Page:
A Line in the Sand: Britain, France and the Struggle for the by James Barr

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By James Barr

In 1916, in the midst of the 1st global warfare, males secretly agreed to divide the center East among them. Sir Mark Sykes was once a visionary flesh presser; Francois Georges-Picot a diplomat with a grudge. The deal they struck, which was once designed to alleviate tensions that threatened to engulf the Entente Cordiale, drew a line within the sand from the Mediterranean to the Persian frontier. Territory north of that stark line could visit France; land south of it, to Britain. opposed to the percentages their pact survived the battle to shape the root for the post-war department of the area into 5 new international locations Britain and France might rule. The production of Britain's 'mandates' of Palestine, Transjordan and Iraq, and France's in Lebanon and Syria, made the 2 powers uneasy neighbours for the subsequent thirty years. via a stellar forged of politicians, diplomats, spies and squaddies, together with T. E. Lawrence, Winston Churchill and Charles de Gaulle, A Line within the Sand vividly tells the tale of the fast yet an important period whilst Britain and France governed the center East. It explains precisely how the outdated antagonism among those powers infected the extra widely used sleek contention among the Arabs and the Jews, and finally resulted in struggle among the British and the French in 1941 and among the Arabs and the Jews in 1948. In 1946, after decades of intrigue and espionage, Britain eventually succeeded in ousting France from Lebanon and Syria, and was hoping that, having performed so, it'd be in a position to hold directly to Palestine. utilizing newly declassified papers from the British and French records, James Barr brings this missed clandestine fight again to existence, and divulges, for the 1st time, the beautiful method during which the French eventually obtained their revenge.

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Extra info for A Line in the Sand: Britain, France and the Struggle for the Mastery of the Middle East

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But the forty-three-year-old Georges-Picot had been young once. As a student he initially followed in his father’s footsteps and read law at university. Then, at the age of twenty-eight, he suddenly changed career. The timing of his decision to become a diplomat is crucial, for it took place in 1898: the same year as the Fashoda incident, a debacle that his father’s pressure group had helped to cause. ‘Fashoda’ and its consequences dominated Georges-Picot’s early years at the Quai d’Orsay, and the humbling episode left its mark.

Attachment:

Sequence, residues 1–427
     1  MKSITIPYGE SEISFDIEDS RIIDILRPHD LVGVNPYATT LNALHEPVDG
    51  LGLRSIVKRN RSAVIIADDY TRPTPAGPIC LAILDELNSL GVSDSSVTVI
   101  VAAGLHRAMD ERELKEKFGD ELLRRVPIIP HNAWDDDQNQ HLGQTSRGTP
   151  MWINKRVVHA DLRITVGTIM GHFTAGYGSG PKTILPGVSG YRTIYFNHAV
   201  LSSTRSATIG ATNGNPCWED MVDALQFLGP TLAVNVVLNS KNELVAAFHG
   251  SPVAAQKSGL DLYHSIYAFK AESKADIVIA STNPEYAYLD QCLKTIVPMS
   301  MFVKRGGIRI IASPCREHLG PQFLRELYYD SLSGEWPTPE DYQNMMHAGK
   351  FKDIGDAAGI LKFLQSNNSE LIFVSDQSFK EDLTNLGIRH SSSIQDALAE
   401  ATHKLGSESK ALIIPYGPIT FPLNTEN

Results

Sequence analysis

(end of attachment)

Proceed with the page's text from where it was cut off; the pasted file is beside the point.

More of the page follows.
In this he had the full support of two of his senior ambassadors, Maurice Bompard and Paul Cambon. ³³ The Comité, therefore, was obliged to try a different route. In May that year it arranged for its strongest ally in the French Senate, a corpulent lawyer named Etienne Flandin, to issue a report that it hoped would increase the pressure on Delcassé. Flandin’s blustering effort makes entertaining reading. ³⁴ He listed the economic benefits of taking control of the country – everything from the healing powers of thermal springs to perfumes from flower oils and, in passing, petroleum.

Egypt’s economy had been badly affected by the war, and its mostly Muslim Arab population was the closest and most susceptible audience of the sultan’s call for jihad. By mid-1915 McMahon and his advisers were frightened that a Turkish attack on the canal might easily provide the spark that lit an Arab uprising against them in the Nile delta. It was another self-confident young man, the devious, balding Ronald Storrs, who came up with the ingenious idea of using Sharif Husein to blunt the force of the jihad.

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